Hyperkalemic Cardiac Arrest – Drug Induced Emergencies

by Brian Warriner, MD

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    00:00 the recurrent surgery. So, Hyperkalemic Cardiac Arrest. Hyperkalemia is high potassium in the bloodstream. Normally, potassium is very narrowly controlled in our blood stream. A lot of potassium inside our cells, but not a lot in the bloodstream itself. And the kidneys are responsible for excreting potassium and our gut is responsible for absorbing potassium. And our bodies homeostatic mechanisms are in place to control the level of potassium. But if potassium is given by the physician or through some error by a nurse in the ICU, or if you give Succinylcholine to the wrong patient, you can have a very sudden increase in potassium.

    00:45 So normally a potassium, we'll say, runs around 4 mEq/L.

    00:51 If you give that patient, normal patient, Succinylcholine, their potassium will go up to about 5 mEq/L, which is not a problem. If however you start at a higher level, for instance in a patient with a renal failure who hasn't been recently dialyzed, let's say it starts at 6, and you give them Succinylcholine, it may go up to 7 or 8 and there'll be a cardiac arrest.

    01:15 In addition, if you give Succinylcholine to people who have conditions such as neurologic problems, massive trauma, spinal cord injuries, recent burns, burn in the last year actually, or renal failure, there can be a huge release of potassium into the bloodstream. And what happens with the ECG, and it happens over a minute or two, is the t-waves, which is the last wave in the normal complex of the ECG suddenly become peaked, and then the whole complex starts to widen. And then you can get what's called a sine-wave where the, it looks kind of like this, it looks like waves on the sea. And then asystole. An asystole is complete loss of contraction of the heart, complete loss of electrical activity in the heart. What happens with Hyperkalemia is, there's a change in the ratio between the resting potential and the threshold potential in the sino-atrial node, which controls our heart rate. This is a complex concept and I'm not going to spend a lot of time on it because it really requires you to sit down and read in detail if you're interested. But what happens is that, by changing the ratio of resting potential to threshold potential, the heart is unable to produce electrical signal that will cause an action potential and cause a wave through the heart.

    02:51 The only treatment for this that works quickly is to either lower the potassium, and unfortunately it's hard to do that quickly, or to give a drug that interacts with potassium to change that ratio of threshold to resting potential back towards normal. And the drug that you gave is Calcium. Calcium is never given in normal cardiac arrest situations, because in ischemic cardiac arrest it can actually cause cell death and it no longer exists on the ACLS protocol. So this is an asystolic cardiac arrest where you don't use the ACLS protocol, you use calcium.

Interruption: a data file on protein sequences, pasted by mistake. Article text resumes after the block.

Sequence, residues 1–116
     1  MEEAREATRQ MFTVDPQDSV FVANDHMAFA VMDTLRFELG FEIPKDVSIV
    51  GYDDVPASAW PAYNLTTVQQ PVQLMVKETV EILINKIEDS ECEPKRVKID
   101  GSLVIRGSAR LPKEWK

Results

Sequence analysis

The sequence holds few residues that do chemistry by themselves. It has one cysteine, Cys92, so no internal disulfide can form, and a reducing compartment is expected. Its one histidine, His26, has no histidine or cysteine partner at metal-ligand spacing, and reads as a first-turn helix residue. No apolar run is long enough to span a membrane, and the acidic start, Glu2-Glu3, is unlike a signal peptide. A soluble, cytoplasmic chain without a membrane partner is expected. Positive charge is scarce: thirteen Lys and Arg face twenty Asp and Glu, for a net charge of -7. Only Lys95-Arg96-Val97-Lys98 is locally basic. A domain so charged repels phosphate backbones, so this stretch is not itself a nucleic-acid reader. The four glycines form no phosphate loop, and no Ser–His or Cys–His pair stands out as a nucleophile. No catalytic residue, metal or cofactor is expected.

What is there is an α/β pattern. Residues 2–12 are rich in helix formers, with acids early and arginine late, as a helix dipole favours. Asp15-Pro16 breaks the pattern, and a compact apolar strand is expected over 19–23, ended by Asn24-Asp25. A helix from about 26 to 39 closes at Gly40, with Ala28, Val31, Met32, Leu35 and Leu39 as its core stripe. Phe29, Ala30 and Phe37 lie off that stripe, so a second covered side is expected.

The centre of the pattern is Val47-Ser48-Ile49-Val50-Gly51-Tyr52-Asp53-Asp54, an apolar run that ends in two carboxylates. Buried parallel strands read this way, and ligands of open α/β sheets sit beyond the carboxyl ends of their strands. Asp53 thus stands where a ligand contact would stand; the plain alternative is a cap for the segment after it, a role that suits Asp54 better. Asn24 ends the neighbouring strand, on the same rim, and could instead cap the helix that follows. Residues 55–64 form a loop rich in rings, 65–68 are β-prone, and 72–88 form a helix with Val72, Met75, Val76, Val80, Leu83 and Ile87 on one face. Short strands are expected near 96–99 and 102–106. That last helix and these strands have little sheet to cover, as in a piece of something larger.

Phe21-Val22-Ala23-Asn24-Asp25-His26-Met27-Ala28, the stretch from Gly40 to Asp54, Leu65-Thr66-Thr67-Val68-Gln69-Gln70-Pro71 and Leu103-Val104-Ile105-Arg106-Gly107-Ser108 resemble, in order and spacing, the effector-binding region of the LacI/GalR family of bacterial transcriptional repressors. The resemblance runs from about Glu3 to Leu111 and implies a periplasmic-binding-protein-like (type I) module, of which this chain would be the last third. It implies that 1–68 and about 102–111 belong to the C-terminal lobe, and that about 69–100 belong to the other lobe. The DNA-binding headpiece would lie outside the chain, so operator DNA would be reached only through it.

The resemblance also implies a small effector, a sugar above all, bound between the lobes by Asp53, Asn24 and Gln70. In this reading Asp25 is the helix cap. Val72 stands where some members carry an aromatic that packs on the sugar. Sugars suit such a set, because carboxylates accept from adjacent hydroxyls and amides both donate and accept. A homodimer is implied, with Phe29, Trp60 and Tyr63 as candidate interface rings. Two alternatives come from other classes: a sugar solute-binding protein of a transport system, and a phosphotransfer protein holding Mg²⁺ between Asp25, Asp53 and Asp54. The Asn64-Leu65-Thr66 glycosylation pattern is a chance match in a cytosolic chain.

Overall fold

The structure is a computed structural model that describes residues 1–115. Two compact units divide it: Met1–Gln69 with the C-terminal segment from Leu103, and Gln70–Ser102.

03:33 This will very rapidly change that ratio and amazingly, the normal heart rhythm will come back again. It doesn't however have any effect on the elevated potassium level in the blood. And you must treat that. And there are a number of ways of treating that, including hemodialysis in which you actually take the potassium right off. You can give glucose or insulin intravenously and that drives potassium back into the cells. Or, if you've got a patient where it's not a huge problem, it's not that badly elevated and you just want to bring it down over a couple of days, you can use an exchange resin such as Kayexalate orally.

    04:15 And that'll help clear the potassium out of the system.

    04:21 So hyperkalemic cardiac arrest is, as I mentioned, it's an uncommon event, but I've seen it several times. It does not follow the ACLS guideline, so you have to be aware of that. The treatment of the Hyperkalemia is necessary even if the patients return to a normal heart rhythm. So you can't forget that! And I've seen one death because the physician involved sent a patient to the ward assuming that, because the rhythm was back to normal, all was well. And the patient had a recurrence of the hyperkalemic cardiac arrest on the ward and unfortunately didn't survive.

    About the Lecture

    The lecture Hyperkalemic Cardiac Arrest – Drug Induced Emergencies by Brian Warriner, MD is from the course Emergencies.

    Included Quiz Questions

    1. A cause of sudden intra-operative asystole and must be recognized as different from other causes of asystole.
    2. Is managed by rigidly following ACLS guidelines for asystole.
    3. Is completely unpredictable and cannot be caused by actions of the anesthesiologist.
    4. Is best treated by giving succinylcholine and intubating the patient.

    Author of lecture Hyperkalemic Cardiac Arrest – Drug Induced Emergencies

     Brian Warriner, MD

    Brian Warriner, MD

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